Worry over TB-Aids infection

THE extent of tuberculosis and HIV co-infection rates in South Africa has firmly placed TB on the agenda of the South African National Aids Council.

This after studies have shown that in some parts of the country, like in Khayelitsha in Western Cape for example, about 73 percent of HIV-infected people also have TB.

The South African National Aids Council (Sanac) took a decision to include TB as part of its mandate after a World Health Organisation (WHO) review in 2009 of South Africa's national TB control programme. The review found that the levels of TB and HIV co-infection were enormously high. About 70percent or more of TB patients in some parts of the country were also found to be HIV-positive.

Following that report, it was decided that all of the country's collaborative responses to TB and HIV would fall under the oversight of Sanac. That means that Sanac will be responsible for developing and coordinating policy and practice to deal with the dual epidemic.

"What we've got now is experts on TB represented on the Sanac structures, the treatment task team of Sanac now includes the TB-HIV experts. In the last year what we also did was manage to get guidelines for the public sector on how to integrate TB and HIV collaborative activities. "What we also have is (a) guideline that was approved by the International Labour Organisation on the management of TB and HIV in the workplace,'' says Sanac's CEO Dr Nono Simelela.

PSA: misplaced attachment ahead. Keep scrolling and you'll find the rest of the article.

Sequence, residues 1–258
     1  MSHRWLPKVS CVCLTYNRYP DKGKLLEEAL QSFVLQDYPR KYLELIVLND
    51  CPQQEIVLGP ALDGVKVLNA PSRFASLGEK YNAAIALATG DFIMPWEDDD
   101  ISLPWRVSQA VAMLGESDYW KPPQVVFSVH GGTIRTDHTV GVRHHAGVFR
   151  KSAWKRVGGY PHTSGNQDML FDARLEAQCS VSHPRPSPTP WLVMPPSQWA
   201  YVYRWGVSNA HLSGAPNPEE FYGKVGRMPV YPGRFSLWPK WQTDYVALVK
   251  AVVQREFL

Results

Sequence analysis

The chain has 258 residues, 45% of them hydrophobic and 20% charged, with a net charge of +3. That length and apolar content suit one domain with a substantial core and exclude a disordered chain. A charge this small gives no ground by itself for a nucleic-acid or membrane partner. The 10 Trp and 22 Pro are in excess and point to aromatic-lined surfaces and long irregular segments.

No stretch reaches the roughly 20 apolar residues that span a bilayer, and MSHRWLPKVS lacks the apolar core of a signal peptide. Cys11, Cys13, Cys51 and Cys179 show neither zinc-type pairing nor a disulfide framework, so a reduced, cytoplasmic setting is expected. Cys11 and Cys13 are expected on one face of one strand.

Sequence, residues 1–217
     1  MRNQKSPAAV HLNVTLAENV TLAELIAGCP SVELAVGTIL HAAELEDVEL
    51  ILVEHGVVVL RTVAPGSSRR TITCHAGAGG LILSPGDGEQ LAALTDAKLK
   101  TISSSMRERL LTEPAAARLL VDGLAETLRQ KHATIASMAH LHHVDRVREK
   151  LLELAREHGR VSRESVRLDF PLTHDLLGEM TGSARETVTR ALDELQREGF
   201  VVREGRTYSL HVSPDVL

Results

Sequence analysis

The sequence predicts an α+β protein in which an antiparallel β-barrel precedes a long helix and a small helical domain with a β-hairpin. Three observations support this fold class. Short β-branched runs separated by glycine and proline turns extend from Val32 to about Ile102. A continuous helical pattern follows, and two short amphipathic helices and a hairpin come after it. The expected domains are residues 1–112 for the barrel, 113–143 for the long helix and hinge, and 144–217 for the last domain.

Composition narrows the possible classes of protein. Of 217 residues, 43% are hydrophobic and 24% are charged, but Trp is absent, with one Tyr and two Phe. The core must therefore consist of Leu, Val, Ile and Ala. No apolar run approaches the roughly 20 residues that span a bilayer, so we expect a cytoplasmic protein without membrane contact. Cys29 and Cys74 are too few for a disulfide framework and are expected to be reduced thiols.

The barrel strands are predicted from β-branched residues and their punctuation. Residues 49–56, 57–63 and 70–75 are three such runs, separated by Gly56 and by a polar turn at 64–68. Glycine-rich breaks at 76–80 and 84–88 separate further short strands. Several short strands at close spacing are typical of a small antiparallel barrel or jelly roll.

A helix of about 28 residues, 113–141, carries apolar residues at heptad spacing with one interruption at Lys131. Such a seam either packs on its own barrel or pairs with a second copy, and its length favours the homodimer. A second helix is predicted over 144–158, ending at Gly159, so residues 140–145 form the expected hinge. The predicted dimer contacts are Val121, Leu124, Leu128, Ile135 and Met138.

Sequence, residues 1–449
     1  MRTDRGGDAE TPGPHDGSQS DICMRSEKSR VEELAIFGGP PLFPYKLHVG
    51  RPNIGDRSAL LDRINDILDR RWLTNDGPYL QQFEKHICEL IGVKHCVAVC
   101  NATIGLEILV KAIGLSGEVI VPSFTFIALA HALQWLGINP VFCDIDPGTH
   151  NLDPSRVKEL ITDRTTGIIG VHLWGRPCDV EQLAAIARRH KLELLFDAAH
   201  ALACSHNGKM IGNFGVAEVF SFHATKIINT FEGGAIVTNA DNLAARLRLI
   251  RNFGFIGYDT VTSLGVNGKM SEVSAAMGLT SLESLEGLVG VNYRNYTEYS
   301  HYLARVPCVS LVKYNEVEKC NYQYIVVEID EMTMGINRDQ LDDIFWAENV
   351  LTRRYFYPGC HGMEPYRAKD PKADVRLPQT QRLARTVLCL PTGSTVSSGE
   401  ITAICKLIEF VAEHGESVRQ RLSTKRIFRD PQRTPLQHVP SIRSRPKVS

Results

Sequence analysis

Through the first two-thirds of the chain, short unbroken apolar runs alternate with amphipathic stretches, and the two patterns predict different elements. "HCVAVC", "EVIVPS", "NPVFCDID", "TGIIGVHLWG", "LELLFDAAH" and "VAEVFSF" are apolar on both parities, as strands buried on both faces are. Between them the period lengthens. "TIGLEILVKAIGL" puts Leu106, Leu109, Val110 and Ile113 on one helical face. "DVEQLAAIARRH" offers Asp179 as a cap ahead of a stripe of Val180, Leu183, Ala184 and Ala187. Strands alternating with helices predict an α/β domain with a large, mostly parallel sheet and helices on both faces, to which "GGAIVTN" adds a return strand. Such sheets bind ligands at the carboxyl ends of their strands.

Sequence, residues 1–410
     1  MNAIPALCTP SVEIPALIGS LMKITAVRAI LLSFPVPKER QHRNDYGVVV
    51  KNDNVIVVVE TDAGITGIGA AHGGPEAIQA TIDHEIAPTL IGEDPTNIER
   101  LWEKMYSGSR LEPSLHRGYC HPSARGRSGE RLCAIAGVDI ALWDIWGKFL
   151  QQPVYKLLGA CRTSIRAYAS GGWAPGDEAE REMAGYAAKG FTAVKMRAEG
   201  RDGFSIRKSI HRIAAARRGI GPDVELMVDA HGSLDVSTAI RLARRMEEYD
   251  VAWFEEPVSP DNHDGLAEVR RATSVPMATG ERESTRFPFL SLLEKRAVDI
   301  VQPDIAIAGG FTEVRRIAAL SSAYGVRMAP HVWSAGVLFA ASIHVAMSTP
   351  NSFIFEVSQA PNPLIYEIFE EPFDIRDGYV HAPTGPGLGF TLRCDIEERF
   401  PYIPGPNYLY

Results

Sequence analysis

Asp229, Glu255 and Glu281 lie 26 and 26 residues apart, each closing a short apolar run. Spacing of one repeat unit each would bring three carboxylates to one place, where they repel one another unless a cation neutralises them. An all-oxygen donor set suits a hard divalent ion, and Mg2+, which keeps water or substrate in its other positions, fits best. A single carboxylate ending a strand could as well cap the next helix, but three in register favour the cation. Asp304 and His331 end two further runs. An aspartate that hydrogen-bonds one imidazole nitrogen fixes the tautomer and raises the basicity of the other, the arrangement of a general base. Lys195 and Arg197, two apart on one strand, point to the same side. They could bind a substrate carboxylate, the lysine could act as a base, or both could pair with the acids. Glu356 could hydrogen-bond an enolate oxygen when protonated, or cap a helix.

Simelane says TB has taken priority at Sanac, with suggestions being made that the organisation should change its name to reflect the enormity of co-infection levels in South Africa.

"There have been proposals at the plenary level to look at whether we shouldn't actually be having a South African Council on HIV and Tuberculosis. And I really believe that that is the route we need to take.

"South Africa should consider itself to be having a TB-HIV epidemic instead of just Aids because I think Aids is something we are managing. We're getting more and more people on treatment. So, we will see less and less of Aids, but higher levels of co-infection,'' she says.

One of Sanac's priorities is to prevent TB infection in HIV-positive people. Current policy is that HIV-infected individuals who don't have TB be given six-month prophylactic treatment of Isoniazid or INH to prevent them getting the bacterial infection. She is concerned that the distribution and uptake has been very low.

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